Legislative and local elections were held in Burkina Faso last weekend. The main question was whether or not there would be any challenge to the dominance of President Blaise Compaoré and his ruling CDP party.
The provisional and still slightly incomplete results of the legislative election have been reported by the CENI (the electoral commission). There are still 25 seats to be decided, but they will not change the basic distribution. Here are the seat results as they stand (no vote share is likely to be reported):
- CDP (Congrès pour la démocratie et le progrès): 58 seats
- ADF/RDA (Alliance pour la démocratie et la Fédération–Rassemblement démocratique africain): 15 seats
- UPC (Union pour le Progrès et le Changement): 15 seats
- UPR (Union pour la République): 4 seats
- UNIR/PS (Union pour la renaissance/ Parti sankariste): 2 seats
- CFD/B: 2 seats
- PDS/METBA (Parti pour la Démocratie et le Socialisme): 1 seat
- UNDD (Union Nationale pour le Démocratie et le Développement): 1 seat
- RDS : 1 seat
- ODT (Organisation pour la Démocratie et le Travail): 1 seat
- RDB : 1 seat
- CNPB (Convention Nationale pour le Progrès du Burkina): 1 seat
So, Burkina Faso has a vibrant multi-party system and, even though it has a clear majority, the CDP will face fierce opposition in the new parliament? Well, not really. Yes, this was the most pluralist of any BF election in terms of the number of parties contesting seats. However, many of the parties who were returned are the equivalent of satellite parties of the CDP.
RFI reports that true opposition parties like UNIR/ PS and the PDS/METBA will win only a handful of seats.
In June a series of constitutional amendments were passed in Burkina Faso.
The always-excellent La Constitution en Afrique website has provided a link to the amendments. They are available in French.
In May I blogged about some of the problems that were occurring in the context of an amendment that was designed to allow the upcoming legislative election to be delayed for a period. The text was submitted to the Constitutional Council, which ruled, in a report from Lefaso.net, that the reform was constitutional.
I had assumed that was the end of the process. However, in June another constitutional law was passed. This reform changes many articles of the constitution. In fact, one report states that 62 of the 173 articles in the constitution were amended!
One of the reason why so many changes were required is that reform introduced an upper chamber of parliament, the Senate. Indeed, the President of the Senate now assumes the interim presidency if the President of the Republic dies or resigns. Senators will be indirectly elected. Some will be elected by local councillors. Some will be appointed by religious, cultural, labour and business institutions.
In semi-presidential terms there have been changes to the role of the prime minister. Art. 46 now specifies that the president must nominate a prime minister from among the parliamentary majority. In addition, Art. 63 now requires the prime minister to undergo an investiture vote no more than 30 days after his/her appointment.
Interestingly, Art. 168.1 now states that all presidents who have been in office from independence in 1960 to the time of the amendment enjoy complete immunity. This article seems designed to protect the current president, Blaise Compaoré. However, if it facilitates an eventual alternation in power by reassuring President Compaoré that he would not be prosecuted if he stepped down, then this is probably a good thing for democracy in Burkina Faso.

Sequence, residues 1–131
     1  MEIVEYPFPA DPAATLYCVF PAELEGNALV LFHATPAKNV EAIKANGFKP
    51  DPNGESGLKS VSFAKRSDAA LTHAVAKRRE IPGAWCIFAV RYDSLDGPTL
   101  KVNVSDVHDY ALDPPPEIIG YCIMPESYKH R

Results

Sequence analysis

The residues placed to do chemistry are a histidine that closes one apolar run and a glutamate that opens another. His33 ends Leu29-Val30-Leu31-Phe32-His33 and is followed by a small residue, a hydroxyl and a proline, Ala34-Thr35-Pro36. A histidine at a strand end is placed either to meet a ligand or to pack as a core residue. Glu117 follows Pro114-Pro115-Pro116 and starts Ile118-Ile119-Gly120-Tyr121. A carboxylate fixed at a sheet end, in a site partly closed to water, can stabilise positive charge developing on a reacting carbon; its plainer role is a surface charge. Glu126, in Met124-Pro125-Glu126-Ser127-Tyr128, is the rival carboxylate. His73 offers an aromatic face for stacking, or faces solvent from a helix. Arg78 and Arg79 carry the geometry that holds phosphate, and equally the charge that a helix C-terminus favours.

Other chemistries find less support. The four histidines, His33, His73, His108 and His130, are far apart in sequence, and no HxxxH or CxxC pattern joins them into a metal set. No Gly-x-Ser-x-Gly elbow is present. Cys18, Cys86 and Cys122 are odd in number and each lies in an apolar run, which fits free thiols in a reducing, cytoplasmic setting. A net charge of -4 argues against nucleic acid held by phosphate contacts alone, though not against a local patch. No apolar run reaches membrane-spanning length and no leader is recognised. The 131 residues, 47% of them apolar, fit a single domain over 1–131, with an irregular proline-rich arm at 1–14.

In Burkina Faso the constitutional problem that I posted about a couple of weeks ago seems to have been resolved.
A constitutional law was passed that would have extended the mandate of the National Assembly to no later than 3 June 2013. However, the Constitutional Council ruled that the law was unconstitutional. The problem was that a new law had to be passed before the current term of the legislature expired and there was scarcely any time to do so.
Anyway, deputies have now passed a new constitutional law. Whereas the previous one made specific reference to this legislature, the new amendment is general. The Council struck down the previous bill because it was specific. If this bill is sent to the Council, then presumably it will pass.
The text is available in France from Burkina24 here.
What still puzzles me is how this new law was passed. Previously, the crisis was caused by the fact that the bill was struck down almost immediately before the Assembly was due to end its five-year term. Therefore, there was no time to pass a new amendment. However, time seems to have been found and elections will take place later in the year.
There is a constitutional problem in Burkina Faso.
According to Sidwaya Quotidien, in March a constitutional law was passed that would have extended the mandate of the National Assembly to no later than 3 June 2013. The mandate was due to expire on 6 May 2012. To ensure that the law was in conformity with the constitution, the President of the National Assembly submitted the law to the Constitutional Council. The Council has now ruled that the law is unconstitutional.
This creates a crisis because unless the situation is regularised before 6 May, the President of the Republic will have to legislate by decree until elections are held and a new Assembly is convened.
As I understand it, the aim of extending the mandate of the National Assembly was to ensure that legislative and municipal elections would be held at the same time later this year or early next year.
The Council struck down the law because it claimed that constitutional laws have to be general in nature and not specific. The Court’s decision is final.
On 23rd June in Burkina Faso the so-called Consultative Council on Political Reform (Conseil consultatif sur les réformes politiques – CCRP) was inaugurated. Its report was presented to President Blaise Compaoré who delivered a speech on the topic on 21 July. The opposition boycotted the CCRP.
As far as I know, the report is not available. The elephant in the room is Art. 37. This is the article stating that the president can only be re-elected once. The question is, after 23 years in power, whether or not President Compaoré will want and be able to change the constitution to allow him to stay in office at the end of his current term. There has been a lot of unrest recently, but his hold on power seems secure.